Important steps taken in Turkey's social policy, but the best is yet to come

Published 24.06.2017 20:40

There have been promising steps forward in Turkey's social policy in the last 15 years, from the health sector to education. This is a natural result of a long-lasting stable political atmosphere; however, expert analysis says that there is still a lot of work to be done.

One of the most crucial transformations was the introduction of the Family and Social Policies Ministry in 2011, which is responsible for family affairs and social services. "Thanks to this reform, social policies regarding areas outside of working life such as poverty, disability and elderliness that consist of socially disadvantaged groups have been united under one institution," said Faruk Taşcı, an academic at the Faculty of Economics at Istanbul University.

Although fighting extreme poverty has been at the center of social policy programs for years in Turkey, with the establishment of the Family and Social Policies Ministry, there have been more serious steps toward overcoming it. An integrated social assistance system has been developed by the government to get rid of poverty. In 2013, 1.26 percent of gross domestic product (GDP) started to be given for social assistance spending, which is a highly increased percentage compared to the past. As a result, extreme poverty fell from 13 percent in 2002 to 4.5 percent in 2012, as 2015 World Bank data suggests.

Another significant change in social policy in terms of working life was the integration of all social security organizations under the root of the Social Security Institution in 2006. Considered a "milestone" by Taşcı, this system radically reformed the country's previous pension system and put an end to the unequal, corporatist character and fragmented structure of the previous system. The reform regulated pension rules by reducing the accrual rate, while gradually increasing the age of retirement and contribution period. In this system, the state also started to contribute as well as employers and employees.

Other important reform areas are the health and education sectors. The 2003 Health Transformation Program has produced significant improvements in Turkey's health care system in terms of access, insurance coverage and services. The country expanded health insurance coverage with targeted programs such as the Green Card program for the poor, which increased access to health services. Near-universal health insurance coverage, increase in financial security and improvement in equity in access to health care nationwide were achieved in Turkey in 2014.

Education is the area that has the biggest share of the national budget because the government desires to improve its quality. Access to schools was one of the main points that made significant progress over the years. In 2013, almost universal primary school enrollment was reached, while secondary school enrollment was 76.7 percent. Compulsory education was extended from eight to 12 years in 2012, which later gained a form of the 4+4+4 school system consisting of eight years of primary school followed by four years of secondary school. According to Taşcı, the main actors in social policy in Turkey are local and central governments. The latter is the most active, while the former suffers from low budgets. Yet, the local government comes to the scene whenever the central government fails to reach out to a subject. Other important actors are NGO's, which mainly started to become active after the 1999 Marmara Earthquake. Yet, as Taşcı suggests, despite their frequent appearance in the media, they actually have a small part of the share of Turkey's social policy. Taşcı added, "However, there is also an invisible actor among all of these actors – the traditional family. The emphasis on the family even in the title of the Ministry of Family and Social Policies is good evidence for its importance."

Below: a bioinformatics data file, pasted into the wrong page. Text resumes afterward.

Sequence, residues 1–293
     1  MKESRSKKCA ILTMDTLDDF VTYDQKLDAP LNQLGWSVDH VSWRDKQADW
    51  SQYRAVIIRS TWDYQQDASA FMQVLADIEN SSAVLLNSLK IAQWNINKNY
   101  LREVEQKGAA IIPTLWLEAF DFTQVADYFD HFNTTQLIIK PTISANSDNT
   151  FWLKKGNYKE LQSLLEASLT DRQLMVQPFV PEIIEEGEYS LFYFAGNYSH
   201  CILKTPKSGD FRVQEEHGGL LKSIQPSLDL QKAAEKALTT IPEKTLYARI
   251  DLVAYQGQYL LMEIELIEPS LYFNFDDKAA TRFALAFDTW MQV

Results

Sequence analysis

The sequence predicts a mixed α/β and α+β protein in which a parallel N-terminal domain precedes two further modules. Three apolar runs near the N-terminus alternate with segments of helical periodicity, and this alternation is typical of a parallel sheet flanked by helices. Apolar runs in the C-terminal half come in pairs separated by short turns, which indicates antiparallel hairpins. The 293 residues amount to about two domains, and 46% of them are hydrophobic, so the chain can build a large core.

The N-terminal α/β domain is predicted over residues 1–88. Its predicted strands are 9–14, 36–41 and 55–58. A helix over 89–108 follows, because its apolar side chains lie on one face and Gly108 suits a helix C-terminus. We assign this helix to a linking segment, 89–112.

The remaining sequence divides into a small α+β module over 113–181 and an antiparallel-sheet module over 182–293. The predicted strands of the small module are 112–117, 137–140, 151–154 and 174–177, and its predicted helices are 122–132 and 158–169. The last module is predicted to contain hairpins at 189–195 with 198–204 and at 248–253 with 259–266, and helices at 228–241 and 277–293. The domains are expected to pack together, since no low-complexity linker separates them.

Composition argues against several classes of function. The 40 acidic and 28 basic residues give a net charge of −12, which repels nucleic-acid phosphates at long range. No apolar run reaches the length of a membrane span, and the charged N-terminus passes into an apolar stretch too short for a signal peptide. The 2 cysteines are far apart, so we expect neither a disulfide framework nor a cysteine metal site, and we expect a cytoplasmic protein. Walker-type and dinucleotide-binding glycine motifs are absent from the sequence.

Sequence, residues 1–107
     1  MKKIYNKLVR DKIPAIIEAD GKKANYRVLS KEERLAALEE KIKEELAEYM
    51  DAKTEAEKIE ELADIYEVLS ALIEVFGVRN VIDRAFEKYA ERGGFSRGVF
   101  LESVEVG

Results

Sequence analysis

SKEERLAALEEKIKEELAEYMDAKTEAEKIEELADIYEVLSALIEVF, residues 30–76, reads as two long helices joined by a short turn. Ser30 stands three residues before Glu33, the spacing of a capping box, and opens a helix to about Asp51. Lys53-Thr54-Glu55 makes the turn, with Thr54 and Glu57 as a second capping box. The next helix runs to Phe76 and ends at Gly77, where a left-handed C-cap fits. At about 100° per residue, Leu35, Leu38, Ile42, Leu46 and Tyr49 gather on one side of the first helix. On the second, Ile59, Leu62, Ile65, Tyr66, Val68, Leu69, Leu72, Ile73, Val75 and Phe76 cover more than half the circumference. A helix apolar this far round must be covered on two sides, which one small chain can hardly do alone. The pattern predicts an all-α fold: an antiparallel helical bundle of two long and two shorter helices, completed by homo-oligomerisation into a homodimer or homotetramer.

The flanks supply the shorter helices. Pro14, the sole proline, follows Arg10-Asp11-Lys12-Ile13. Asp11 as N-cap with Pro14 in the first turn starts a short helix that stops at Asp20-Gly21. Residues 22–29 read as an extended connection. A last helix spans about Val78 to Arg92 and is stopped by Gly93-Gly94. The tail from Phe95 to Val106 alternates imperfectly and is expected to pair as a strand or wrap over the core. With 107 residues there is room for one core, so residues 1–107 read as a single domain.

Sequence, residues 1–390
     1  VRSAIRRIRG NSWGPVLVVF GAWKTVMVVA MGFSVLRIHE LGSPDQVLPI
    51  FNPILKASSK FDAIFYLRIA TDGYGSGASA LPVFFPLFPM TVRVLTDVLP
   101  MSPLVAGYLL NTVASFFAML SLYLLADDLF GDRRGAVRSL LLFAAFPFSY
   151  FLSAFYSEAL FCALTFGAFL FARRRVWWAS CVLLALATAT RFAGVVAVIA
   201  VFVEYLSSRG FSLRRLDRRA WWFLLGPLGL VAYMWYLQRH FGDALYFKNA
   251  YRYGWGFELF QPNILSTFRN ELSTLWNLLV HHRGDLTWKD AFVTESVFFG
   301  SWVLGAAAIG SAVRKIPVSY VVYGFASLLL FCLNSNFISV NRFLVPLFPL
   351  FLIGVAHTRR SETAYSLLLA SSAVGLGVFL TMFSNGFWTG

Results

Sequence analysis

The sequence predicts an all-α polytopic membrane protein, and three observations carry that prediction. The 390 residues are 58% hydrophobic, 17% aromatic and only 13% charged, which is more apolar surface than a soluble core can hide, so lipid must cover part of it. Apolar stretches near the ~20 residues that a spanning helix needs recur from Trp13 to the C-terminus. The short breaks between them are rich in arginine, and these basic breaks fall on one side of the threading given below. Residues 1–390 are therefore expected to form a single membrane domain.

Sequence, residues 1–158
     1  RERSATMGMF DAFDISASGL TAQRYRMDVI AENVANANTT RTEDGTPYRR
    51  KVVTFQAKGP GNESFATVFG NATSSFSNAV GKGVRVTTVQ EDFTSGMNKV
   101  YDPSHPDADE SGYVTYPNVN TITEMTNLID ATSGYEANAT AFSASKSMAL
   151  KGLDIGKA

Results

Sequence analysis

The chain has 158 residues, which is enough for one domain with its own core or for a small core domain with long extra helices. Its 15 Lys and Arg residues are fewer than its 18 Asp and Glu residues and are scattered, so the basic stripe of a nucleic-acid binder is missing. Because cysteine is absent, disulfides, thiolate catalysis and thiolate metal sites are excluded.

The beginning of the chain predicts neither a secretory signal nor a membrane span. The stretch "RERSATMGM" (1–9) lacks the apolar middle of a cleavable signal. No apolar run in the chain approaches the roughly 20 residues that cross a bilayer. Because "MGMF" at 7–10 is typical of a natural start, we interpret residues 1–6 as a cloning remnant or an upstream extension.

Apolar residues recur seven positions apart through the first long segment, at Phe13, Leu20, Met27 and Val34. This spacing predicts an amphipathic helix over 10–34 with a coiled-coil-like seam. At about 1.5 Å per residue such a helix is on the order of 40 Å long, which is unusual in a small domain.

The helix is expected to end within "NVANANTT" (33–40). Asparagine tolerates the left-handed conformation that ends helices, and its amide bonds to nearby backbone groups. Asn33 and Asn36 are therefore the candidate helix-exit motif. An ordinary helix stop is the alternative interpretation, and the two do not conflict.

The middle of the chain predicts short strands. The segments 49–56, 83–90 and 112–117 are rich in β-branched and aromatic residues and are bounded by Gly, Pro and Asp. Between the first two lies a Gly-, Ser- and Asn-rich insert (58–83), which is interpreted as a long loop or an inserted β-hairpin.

Thanks to all of these reforms, the United Nations Development Program's 2014 Human Development Report placed Turkey in the high human development group since the Human Development Index of the country increased from 0.671 in 2005 to 0.759 in 2013. Yet, despite progress in social policies, it is still a matter of discussion whether Turkey is a welfare state or not.

According to Taşcı, for a state to be a welfare state, its policies must be preventive, meaning that it has the necessary measures for dealing with a problem even before that problem emerges as a social issue, rather than urgent, daily steps that are designed for rescuing the day.

"These steps in education, the efforts of the state in employment and urban transformation movements all show that Turkey has the tendency to become mature. Yet, there is still the struggle for getting out its current position," Taşcı said, indicating that Turkey has a unique welfare state with multiple actors and social policy provisions. "There is a contribution from every actor to some extent in this type of welfare state."

One of the biggest deficits of social policy in Turkey, according to Taşcı, is that there is no blend between the past and modern day provisions despite the enormous historical experience on the issue. "Therefore, it is not possible to talk about rooted, long-reaching steps," he said.

Another problem is the non-integrative nature of regulations despite the existing constitutional base. This means that a provision that is suitable for one article can be illegal for another one, which creates several problems even at the local level. "The solution is to have a uniform regulation for all social policies of all social policy actors," Taşcı said, indicating that although it seems hard, it is not impossible to achieve.

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